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Vancouver Referencing

In-text citations

  • A citation is an acknowledgement in your text of references that support your work.  It is in the form of a number that correlates with a source in your reference list.
  • The Vancouver sequential number system assigns a number to each reference as it is cited.  Citations within the text of the essay/paper are identified by Arabic numbers in superscript with no brackets.  This applies to references in text, tables and figures. eg. Smith10 has argued that ...
  • The identification of references within the text of the essay/paper may vary according to the preferred style of the journal or the preferred style of the department or lecturer.  For example Arabic numbers in round brackets may be preferred when referencing. eg. Example(3)
  • A number is allocated to a source in the order in which it is first cited in the text. If the source is referred to again, the same reference number is reused. For example, if a reference by Moir is the first one to be referred to in the text, then Moir's reference number is number 1 in the list. If you refer to this work by Moir again later in the text, you reuse number 1. You can add a page number to your reference number to indicate the exact location in the original source. 
  • For citing and/or reproducing/adapting charts, tables, figures, maps and other illustrative materials from a source, please refer to this guide's Tables/Figures section.
  • When multiple references are cited at a given place in the text, use a hyphen to join the first and last numbers that are inclusive. Use commas (without spaces) to separate non‐inclusive numbers in a multiple citation eg. 2,3,4,5,7,10 is abbreviated to 2‐5,7,10.
  • Do not use a hyphen if there are no citation numbers in between that support your statement e.g. 1‐2  use instead 1,2
  • The placement of citation numbers within text should be carefully considered.  A particular reference may be relevant to only part of a sentence.  As a general rule reference numbers:
    • should be placed outside full stops and commas.
    • should be placed inside colons and semicolons.
    • the citation number can be place next to the author name where emphasis is placed on the author eg. Smith2
    • check with your faculty/school or journal publisher to determine their requirements.

Page numbers are included with in-text citations when direct quotes are used. The page numbers are included in round brackets after the number in superscript (no spacing). The source then appears only once in the list of references.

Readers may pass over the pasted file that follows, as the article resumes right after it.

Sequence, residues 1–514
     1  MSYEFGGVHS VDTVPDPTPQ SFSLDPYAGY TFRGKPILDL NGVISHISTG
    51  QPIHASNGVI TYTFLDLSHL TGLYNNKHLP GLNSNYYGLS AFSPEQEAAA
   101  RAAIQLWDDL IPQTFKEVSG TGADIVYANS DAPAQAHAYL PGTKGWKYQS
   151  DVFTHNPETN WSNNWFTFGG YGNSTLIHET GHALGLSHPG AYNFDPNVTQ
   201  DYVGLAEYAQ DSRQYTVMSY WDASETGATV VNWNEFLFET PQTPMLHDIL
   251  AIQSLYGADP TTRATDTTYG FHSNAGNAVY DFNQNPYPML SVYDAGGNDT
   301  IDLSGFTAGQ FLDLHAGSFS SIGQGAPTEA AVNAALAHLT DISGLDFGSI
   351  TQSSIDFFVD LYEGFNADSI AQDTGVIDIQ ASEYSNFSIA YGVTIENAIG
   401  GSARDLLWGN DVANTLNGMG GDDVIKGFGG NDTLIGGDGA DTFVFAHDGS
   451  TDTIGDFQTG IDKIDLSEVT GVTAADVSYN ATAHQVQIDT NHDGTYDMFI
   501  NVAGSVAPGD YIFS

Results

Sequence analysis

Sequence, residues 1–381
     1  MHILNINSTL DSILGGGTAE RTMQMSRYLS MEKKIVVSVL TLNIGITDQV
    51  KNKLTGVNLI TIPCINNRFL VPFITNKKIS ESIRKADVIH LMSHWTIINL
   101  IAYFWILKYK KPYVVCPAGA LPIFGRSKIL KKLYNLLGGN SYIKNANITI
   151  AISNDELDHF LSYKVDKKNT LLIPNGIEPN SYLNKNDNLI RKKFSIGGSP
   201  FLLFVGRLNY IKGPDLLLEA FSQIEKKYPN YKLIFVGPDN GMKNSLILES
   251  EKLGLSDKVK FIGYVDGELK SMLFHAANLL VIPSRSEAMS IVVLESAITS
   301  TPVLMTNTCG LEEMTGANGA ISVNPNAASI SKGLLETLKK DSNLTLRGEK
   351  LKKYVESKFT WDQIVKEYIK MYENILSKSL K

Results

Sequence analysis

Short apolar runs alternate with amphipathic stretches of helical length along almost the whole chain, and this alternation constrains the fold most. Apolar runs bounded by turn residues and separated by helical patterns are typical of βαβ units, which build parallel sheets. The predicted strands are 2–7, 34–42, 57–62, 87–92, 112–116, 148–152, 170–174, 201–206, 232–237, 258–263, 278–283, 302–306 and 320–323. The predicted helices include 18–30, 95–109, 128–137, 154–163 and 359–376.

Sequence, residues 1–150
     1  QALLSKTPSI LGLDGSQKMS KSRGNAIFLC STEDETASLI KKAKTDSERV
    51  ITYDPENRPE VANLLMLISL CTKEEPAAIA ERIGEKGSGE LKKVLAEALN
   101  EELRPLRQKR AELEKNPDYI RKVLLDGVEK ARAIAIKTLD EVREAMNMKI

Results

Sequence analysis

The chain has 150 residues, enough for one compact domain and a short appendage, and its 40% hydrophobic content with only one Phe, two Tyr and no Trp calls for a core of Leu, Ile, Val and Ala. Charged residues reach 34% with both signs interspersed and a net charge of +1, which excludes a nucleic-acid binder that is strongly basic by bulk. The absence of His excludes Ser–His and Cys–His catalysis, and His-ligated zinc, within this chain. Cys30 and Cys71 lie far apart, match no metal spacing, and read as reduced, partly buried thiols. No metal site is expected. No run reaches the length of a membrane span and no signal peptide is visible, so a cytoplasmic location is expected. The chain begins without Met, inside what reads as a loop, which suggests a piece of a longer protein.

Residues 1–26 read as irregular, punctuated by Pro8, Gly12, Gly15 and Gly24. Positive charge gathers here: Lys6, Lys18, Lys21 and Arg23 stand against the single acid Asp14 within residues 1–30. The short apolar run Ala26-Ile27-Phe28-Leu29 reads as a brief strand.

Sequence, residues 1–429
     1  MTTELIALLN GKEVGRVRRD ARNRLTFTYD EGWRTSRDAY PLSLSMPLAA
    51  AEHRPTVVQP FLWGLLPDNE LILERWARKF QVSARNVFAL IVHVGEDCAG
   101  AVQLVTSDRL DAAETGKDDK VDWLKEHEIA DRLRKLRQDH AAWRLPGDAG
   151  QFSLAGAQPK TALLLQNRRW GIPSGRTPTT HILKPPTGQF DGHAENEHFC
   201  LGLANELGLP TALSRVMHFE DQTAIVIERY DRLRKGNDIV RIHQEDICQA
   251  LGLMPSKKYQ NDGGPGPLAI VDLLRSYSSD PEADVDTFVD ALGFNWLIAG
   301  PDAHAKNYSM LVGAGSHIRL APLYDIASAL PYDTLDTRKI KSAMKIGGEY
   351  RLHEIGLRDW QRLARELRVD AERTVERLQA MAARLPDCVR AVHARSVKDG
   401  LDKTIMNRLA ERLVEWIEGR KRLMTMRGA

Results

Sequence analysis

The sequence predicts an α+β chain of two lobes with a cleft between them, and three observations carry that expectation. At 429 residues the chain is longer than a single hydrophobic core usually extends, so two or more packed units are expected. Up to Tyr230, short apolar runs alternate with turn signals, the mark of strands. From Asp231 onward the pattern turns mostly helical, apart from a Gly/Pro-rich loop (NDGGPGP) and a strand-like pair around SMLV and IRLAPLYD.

In-text citation:

Short quotes

"Diabetes is a major health problem in the elderly."1(p1) 

Important iconQuotation marks enclose short quotes. The in-text citation, including the page number(s), is placed after the full-stop and quotation marks.

If emphasis is placed on the author then the in-text citation can be placed after the author's name(s) without using quotation marks: 

Hayes and Unwin1(p1) state that diabetes is a major health problem in the elderly.

Quotes longer than 4 lines

Furthermore, evidence of an acceleration in the rate of increase is apparent. Between 1979 and 1984 the prevalence increased by 4% each year, but in the last 5 years for which data were available, this increase had risen to over 10% annually [11]. The available evidence suggests that the prevalence of diagnosed diabetes in the elderly has doubled over the last 15–20 years. It should be noted that these figures are for diagnosed diabetes only. A substantial proportion of diabetes that is undiagnosed exists. It has been estimated that a little over a quarter of people with diabetes are currently undiagnosed [13].1(p5,6)  

Important iconAn indented block of text, in smaller type, is used for quotes longer than 4 lines. The in-text citation is placed at the end of the text after the full-stop.

Reference list:

  1. Hayes, L, Unwin, NC. (2011). The epidemiology of diabetes in older people. In: Hawthorne, G editor. Diabetes care for the older patient. Springer, London (UK). p. 1-17. [cited 2024 Jan 19]. Available from 

Citing medicine: the NLM style guide for authors, editors, and publishers (2nd edition) and AMA manual of style provide detailed guidance in formatting bibliographic citations in Vancouver referencing style.